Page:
The Russian Manpower Advantage Myth – Or Putin In Wonderland

The Russian Spring Offensive is underway. Yawn.

Let’s talk manpower like we talked tanks the other day:

Russian Tanks By The Numbers

The Basics, Big Red Car?

Of course, dear reader, let’s lay the foundation, shall we?

 1. Russia is a country of 144,000,000 of which approximately 1,000,000 men in the prime draft age range have fled.

Crack Russian conscripts eager to fight and die in Ukraine. Haha. The smart ones fled the country.

 2. Ukraine is a country of 44,000,000 of which 8,000,000 refugees have fled the country with twice that number displaced internally, but no men of the appropriate draft age are allowed to flee by law.

 3. Russia invaded Ukraine with a military force of 290,000 soldiers.

Russia is more than three times — 3X — bigger than its peaceful neighbor, Ukraine.

Background, Big Red Car?

All history in this conflict flows from 1991 when the Union of Soviet Socialist Republics, the USSR, imploded and Russia became a standalone country.

Big point: The Putin Russian Federation is NOT the Union of Soviet Socialist Republics and is not the Russia of World War II. It is far smaller.

At that time, Russia reconstituted its national army and lost the support of the captive republics of which Ukraine was one.

Ukraine cast off the Russian mantle and became a sovereign country and learned to walk again.

Ukraine took over the former USSR army within its borders that was filled with Ukrainian citizens who served in the former USSR army.

This Ukrainian/former USSR army was pretty good for its times. Ukraine was also a credible munitions manufacturer (tanks, artillery, rockets) and had nuclear weapons — though they arguably belonged to Russia as the heir to the USSR.

This Ukrainian army was about 700,000 men. This is a big point. Ukraine had a big army in the early 1990s when it was a much smaller country. 

Then what happened, Big Red Car?

Ukraine — a corrupt country in the style of Russia — had a series of revolts and elections lurching first toward Russia and then away. It was chaotic and in the end, clearly, Ukraine wanted to become part of the west rather than re-engaging with the new Putin Russian empire.

In 2008, Ukraine applied to become part of NATO.

This pissed the little mutt off and in 2014 he took action:

 1. Putin dummied up an invasion of Crimea under the guise of a popular desire to align with the Russian Federation. He orchestrated a fake referendum and sent in Spetsnaz units to pose as locals calling them “separatists.”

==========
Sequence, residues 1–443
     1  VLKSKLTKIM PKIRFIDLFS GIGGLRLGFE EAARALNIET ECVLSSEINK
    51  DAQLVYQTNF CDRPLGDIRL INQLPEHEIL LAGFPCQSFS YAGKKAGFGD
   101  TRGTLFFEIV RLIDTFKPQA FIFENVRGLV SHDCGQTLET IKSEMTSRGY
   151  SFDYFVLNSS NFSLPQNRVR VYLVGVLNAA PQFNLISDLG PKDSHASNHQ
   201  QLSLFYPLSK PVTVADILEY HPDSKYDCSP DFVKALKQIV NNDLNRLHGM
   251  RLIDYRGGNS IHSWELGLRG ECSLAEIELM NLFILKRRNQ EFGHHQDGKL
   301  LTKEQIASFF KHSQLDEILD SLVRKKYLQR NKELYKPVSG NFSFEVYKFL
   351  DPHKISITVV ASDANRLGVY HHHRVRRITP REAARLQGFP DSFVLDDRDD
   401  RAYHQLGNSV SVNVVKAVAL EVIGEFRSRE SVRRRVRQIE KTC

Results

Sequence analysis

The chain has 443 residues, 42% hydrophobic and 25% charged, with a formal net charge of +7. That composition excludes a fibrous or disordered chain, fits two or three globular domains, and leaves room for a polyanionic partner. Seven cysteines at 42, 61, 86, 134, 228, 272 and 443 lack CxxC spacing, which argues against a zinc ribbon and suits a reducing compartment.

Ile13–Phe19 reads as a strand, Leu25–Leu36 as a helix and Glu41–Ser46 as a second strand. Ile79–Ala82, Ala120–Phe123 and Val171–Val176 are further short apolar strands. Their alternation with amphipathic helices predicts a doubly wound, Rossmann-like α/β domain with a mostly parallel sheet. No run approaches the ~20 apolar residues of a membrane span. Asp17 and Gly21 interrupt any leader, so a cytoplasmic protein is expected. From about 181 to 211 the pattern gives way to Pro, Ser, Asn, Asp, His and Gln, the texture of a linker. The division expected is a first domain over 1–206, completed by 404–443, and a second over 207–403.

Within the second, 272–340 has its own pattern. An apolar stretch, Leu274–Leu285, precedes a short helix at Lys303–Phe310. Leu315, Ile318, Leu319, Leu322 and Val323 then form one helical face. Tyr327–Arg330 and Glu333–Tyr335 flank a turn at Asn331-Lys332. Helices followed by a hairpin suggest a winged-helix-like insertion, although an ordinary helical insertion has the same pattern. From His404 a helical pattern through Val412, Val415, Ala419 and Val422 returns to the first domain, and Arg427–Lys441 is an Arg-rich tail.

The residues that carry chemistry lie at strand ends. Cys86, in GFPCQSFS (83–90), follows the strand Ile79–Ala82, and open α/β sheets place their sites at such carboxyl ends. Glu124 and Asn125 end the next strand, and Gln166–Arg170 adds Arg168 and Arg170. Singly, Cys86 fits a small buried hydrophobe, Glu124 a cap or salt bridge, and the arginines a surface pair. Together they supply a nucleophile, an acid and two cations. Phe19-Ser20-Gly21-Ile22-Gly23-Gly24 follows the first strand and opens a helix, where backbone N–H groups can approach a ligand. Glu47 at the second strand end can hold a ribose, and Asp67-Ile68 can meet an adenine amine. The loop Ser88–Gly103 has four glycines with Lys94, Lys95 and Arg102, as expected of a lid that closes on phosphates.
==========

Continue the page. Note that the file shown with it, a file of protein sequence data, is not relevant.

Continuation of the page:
Crimea was once fertile farmland and had Sevastopol, a critical warm water port and the headquarters of the Russian Black Sea fleet. The Russians leased the port from Ukraine.

2. Putin did the same thing with two oblasts in southeast Ukraine and open warfare between Russian “separatists” and the central Ukrainian government broke out.

This was hardcore fighting.

In  2014, the Obama admin sent Ukraine non-lethal aid and barely mentioned Russian medieval behavior. Putin took note of this.

There has been conflict between Putin’s Russia and Ukraine since 2014.

Uhhh, manpower, Big Red Car?

Yes, manpower. Sorry, but I thought we needed to track how we got here.

 1. Russia, under Putin, claimed it modernized its army of 1,000,000 men (more like 600,000) and 2,000,000 reservists.

A Russian reservist is a former conscript — age 19 – 60 — who served his one year and went home never intending to put on a uniform again. A Russian reservist is not someone voluntarily serving in a unit ready to go to war tomorrow, like American reserve units.

 2. The Russians attacked Ukraine with a force of about 290,000 with a tank heavy thrust toward Kyiv they expected to succeed in a few days, whereafter they expected to hang Voldomar Zelenskyy and install a Russia “friendly” government.

 3. The Ukrainians shocked the world (including those zany chaps over at the CIA and military intelligence who pegged the over/under at a week, seven days – boy did they get that wrong) and stopped the Russian thrust toward Kyiv.

 4. The Ukrainians with 200,000 soldiers and excellent gear — initially anti-tank guided missiles — knocked the crap out of the Russians.